Cassandra Jardine in the Telegraph announces that "a recantation is always delicious", while Jessica Valenti in the Observer praises its return to the "personal". Valenti is impressed by Walter's dealings with sex workers and by her lack of judgement towards the young women she interviews. She stops short of an unqualified rave by suggesting that the book itself stops short: "The book's set-up and subtitle promise something that isn't delivered: the full story."

In the Sunday Times, Camilla Long berates Walter's lack of conclusion-drawing: "Half Grazia, half felt-knickered left-wing women's page, the book's biggest problem is its lack of solutions, or any prescriptive thinking."

"Living Dolls: the Return of Sexism" will be reviewed in Thursday's New Statesman.


The Long Song by Andrea Levy

Andrea Levy's follow-up to the Orange Prize-winning Small Island has provoked diametrically opposed opinions.

Holly Kyte in the Telegraph deems it "a masterclass in storytelling". Kyte finds the subject matter -- in this tale of "a slave girl living on a sugar plantation in 1830s Jamaica just as emancipation is juddering into action" -- sensitively handled: "Slavery is a grim subject indeed, but the wonder of Levy's writing is that she can confront such things and somehow derive deeply life-affirming entertainment from them."

Conversely, Tom Deveson in the Times finds the novel unconvincing: "It's difficult to sustain an antique narrative mode while keeping it plausible . . . Invocations to the reader amount to little more than pointless postmodern padding." He finds that "the book's language falls short of its admirable ambitions".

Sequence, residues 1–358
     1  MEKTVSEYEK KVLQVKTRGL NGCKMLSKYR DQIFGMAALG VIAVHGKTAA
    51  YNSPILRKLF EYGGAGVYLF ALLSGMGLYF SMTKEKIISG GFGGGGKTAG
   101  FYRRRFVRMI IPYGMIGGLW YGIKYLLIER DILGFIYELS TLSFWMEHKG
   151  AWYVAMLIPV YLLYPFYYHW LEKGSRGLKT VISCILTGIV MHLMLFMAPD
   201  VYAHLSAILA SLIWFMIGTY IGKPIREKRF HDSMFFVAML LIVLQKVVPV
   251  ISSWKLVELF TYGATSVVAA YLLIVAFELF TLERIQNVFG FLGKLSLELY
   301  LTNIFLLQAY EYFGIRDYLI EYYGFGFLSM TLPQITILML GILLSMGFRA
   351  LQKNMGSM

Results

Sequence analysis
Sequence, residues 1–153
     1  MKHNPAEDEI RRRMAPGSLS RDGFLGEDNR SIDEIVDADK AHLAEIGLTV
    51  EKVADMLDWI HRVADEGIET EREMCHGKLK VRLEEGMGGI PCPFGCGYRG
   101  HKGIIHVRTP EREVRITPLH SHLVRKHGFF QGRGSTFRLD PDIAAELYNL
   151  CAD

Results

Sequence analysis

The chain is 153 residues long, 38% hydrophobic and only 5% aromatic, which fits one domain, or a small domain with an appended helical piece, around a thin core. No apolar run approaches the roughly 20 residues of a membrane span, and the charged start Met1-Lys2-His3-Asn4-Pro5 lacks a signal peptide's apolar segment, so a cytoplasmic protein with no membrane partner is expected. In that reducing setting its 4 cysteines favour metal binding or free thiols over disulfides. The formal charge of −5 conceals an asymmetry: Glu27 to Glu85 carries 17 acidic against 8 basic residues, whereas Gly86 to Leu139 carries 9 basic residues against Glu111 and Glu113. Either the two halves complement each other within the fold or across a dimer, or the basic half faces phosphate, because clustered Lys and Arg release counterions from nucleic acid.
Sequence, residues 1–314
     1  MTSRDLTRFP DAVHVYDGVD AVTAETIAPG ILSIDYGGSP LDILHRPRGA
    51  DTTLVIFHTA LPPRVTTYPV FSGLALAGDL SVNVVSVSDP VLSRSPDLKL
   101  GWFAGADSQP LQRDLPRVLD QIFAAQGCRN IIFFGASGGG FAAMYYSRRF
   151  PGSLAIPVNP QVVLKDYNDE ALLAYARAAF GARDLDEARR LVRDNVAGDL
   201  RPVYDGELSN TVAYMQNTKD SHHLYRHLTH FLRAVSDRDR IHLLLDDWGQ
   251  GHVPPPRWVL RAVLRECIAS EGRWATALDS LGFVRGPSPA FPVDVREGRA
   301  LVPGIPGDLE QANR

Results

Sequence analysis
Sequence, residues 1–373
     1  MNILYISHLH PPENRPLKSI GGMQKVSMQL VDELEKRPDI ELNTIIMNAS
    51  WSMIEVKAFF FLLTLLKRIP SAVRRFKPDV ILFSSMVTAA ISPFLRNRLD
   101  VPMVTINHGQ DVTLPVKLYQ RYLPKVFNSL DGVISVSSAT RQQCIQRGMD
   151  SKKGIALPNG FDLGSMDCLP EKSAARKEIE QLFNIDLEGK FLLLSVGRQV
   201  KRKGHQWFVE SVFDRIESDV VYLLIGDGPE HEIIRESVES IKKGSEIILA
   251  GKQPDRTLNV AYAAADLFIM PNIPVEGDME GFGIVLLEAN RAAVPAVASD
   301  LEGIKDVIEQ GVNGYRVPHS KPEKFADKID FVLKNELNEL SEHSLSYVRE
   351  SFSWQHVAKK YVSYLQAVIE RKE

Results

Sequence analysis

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No, David Cameron’s speech was not “left wing”

Come on, guys.

There is a strange journalistic phenomenon that occurs when a party leader makes a speech. It is a blend of groupthink, relief, utter certainty, and online backslapping. It happened particularly quickly after David Cameron’s speech to Tory party conference today. A few pundits decided that – because he mentioned, like, diversity and social mobility – this was a centre-left speech. A leftwing speech, even. Or at least a clear grab for the liberal centre ground. And so that’s what everyone now believes. The analysis is decided. The commentary is written. Thank God for that.